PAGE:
A. Two weeks before the end of season 1909-1910 Chelsea were struggling against relegation and spent more than £3,000 on three players, Marshall McEwan, English McConnell and Bob Whittingham, in an attempt to avoid the drop. To put this into perspective, this was only four years after the first ever £1,000 transfer, of Alf Common. As a result of Chelsea's action, the Football Association introduced Rule 59, which sets a transfer deadline of the fourth Thursday in March, which still stands today.
Incidentally, Chelsea were relegated anyway. - Steve Tombs, London SE19
Q. A frequent feature of matches at Recreation Park, Alloa, is for the ball to leave the ground either on to the Clackmannan Road or on to the disused railway line. Does this happen at other grounds? Which ground holds the record in this respect?
A. As a Bradford City supporter, we often watch the ball going over the Midland Road Stand (which is the smallest side-stand in the Football League, with a capacity of 800 standing) on an average six to eight times in a game, depending on the style of play of the opposing defenders. If the ball gets a good bounce on the road behind, it inevitably ends up on the railway line further down the hillside. - John Murray, Bradford
Q. Was Ellery Hanley the first black person to captain a British national sporting team, in the France v Great Britain rugby league international in 1985?
A. Further to last week's replies: in the final match of the 1972 rugby league World Cup against Australia, Clive Sullivan, the first black person to captain a British national sporting team, scored a vital try shortly before half-time. After gathering a loose ball a few yards from his own line and sidestepping his opposite number, he sprinted down the wing, evaded the covering defenders and calmly touched down in the corner. The 90-yard score fully reflected Sullivan's trademarks of skill, grace, power and speed. - John Rigg, Glasgow
Q. During the 1993-94 season, Dundee fielded 11 players born outside the United Kingdom. Has any other football club had more foreign-born players within its squad at one time?
A. Wales could field a cosmopolitan XI if Mike Smith wished. The following are all eligible: Moussadich (Mor), of Wycombe Wanderers; Nielson (Ger), Newcastle United; Van Den Hauwe (Bel), Millwall; V Jones (Eng), Wimbledon; Young (Sing), Crystal Palace; Potts (US), West Ham; Robinson (Zim), Charlton; Goss (Cyp), Norwich; Stein (SA), Chelsea; Griffith (Guyana), Cardiff; Phillips (Ger), Nottingham Forest.
Only Moussadich, Potts and Stein have never represented Wales. - Adrian Pritchard, Lichfield
Q. What is "On your marks, set, go!" in other languages?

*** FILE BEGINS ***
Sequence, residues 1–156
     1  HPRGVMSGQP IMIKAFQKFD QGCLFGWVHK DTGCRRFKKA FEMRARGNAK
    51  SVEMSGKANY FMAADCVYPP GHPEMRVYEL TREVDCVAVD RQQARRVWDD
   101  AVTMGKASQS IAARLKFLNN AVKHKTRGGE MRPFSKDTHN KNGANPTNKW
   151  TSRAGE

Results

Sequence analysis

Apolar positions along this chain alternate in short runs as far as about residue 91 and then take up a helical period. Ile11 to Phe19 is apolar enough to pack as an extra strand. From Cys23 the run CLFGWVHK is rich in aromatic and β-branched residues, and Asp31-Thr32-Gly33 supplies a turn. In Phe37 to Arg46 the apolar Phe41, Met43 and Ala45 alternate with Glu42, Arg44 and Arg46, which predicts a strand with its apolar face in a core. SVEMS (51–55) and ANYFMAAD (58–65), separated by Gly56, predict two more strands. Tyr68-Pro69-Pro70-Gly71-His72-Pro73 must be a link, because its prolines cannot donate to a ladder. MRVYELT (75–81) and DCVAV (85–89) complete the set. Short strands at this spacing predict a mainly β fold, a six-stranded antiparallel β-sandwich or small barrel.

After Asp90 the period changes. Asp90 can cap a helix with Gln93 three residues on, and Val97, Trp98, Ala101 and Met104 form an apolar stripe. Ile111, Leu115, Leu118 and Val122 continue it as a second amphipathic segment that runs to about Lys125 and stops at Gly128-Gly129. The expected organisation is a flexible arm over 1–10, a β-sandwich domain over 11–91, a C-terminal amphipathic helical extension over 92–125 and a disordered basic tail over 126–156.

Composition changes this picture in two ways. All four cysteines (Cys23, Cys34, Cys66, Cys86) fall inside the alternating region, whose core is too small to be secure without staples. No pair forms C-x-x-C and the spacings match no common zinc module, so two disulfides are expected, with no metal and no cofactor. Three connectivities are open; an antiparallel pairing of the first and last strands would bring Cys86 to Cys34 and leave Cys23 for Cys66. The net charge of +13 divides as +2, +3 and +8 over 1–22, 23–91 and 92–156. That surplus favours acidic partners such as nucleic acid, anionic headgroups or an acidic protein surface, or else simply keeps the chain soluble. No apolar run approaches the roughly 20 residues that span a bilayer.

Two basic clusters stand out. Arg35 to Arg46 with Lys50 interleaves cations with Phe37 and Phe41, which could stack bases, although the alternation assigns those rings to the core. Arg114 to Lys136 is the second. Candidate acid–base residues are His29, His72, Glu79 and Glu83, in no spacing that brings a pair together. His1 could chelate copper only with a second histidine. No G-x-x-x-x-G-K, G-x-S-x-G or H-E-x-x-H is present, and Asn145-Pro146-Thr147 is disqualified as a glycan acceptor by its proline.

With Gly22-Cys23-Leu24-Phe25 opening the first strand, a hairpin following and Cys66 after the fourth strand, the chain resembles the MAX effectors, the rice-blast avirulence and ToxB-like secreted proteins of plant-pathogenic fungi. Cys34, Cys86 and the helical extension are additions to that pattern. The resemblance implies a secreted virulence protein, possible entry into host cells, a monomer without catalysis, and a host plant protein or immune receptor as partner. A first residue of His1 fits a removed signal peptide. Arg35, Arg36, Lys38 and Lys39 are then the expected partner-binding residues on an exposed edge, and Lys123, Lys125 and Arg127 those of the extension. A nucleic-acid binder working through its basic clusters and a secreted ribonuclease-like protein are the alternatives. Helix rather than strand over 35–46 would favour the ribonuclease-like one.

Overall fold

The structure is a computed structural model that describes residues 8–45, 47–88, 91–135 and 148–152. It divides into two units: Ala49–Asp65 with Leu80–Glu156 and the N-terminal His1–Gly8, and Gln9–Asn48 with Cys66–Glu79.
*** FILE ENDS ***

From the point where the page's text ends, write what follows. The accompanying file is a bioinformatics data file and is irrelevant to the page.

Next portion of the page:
A. In Slovenian this is: Na mesta pozor zdaj and in Croatian: Na mjesta pozor sad. - S Lodge, Halifax
Q. Since the inception of Flat and National Hunt racing, has any jockey had reasonable success at both sports? - Kevin Maguire, Batley
Q. Australian Rules football has gentlemen standing by the goal-line who semaphore in staccato fashion when a goal is scored. They are dressed in spotless white coats, and smart white trilbies. Why the incongruous garb? - Bernard M Brown, Reading
Q. I have been playing hockey since 1950 and I cannot recall any season which did not embrace one or more new rules. Have there been, in fact, any seasons when there were no rule changes? Is there any other sport where the rules have changed so often? For the record there is, I believe, an experiment just being commenced whereby the "feet" rule is not being applied and there is an adjustment to the shooting area. - Alan J Mole, Esher
Q. My late father told me about a football team called Thames which competed one season in the Football League Third Division South in the late Twenties or early Thirties. He said a contemporary football publication gave their ground capacity as 200,000. Was this a printing error or did Thames play in some vast natural arena? If so, where?- Michael Smith, Oldham
Q. Andy Cole cost Manchester United £7m, yet he may not play for the club in the FA Cup as he is "cup-tied", having played for Newcastle in previous rounds. What, if any, is the logic behind the "cup-tied" rule, and how did it originate? - Jonathan Ryan, Enniskerry, Co Wicklow
Q. The British athletics team costume bears the words "View From". What does this signify? - Richard Holdrup, Godalming
If you know the answers to any of these questions, or have a sporting question of your own you would like answered, write to:
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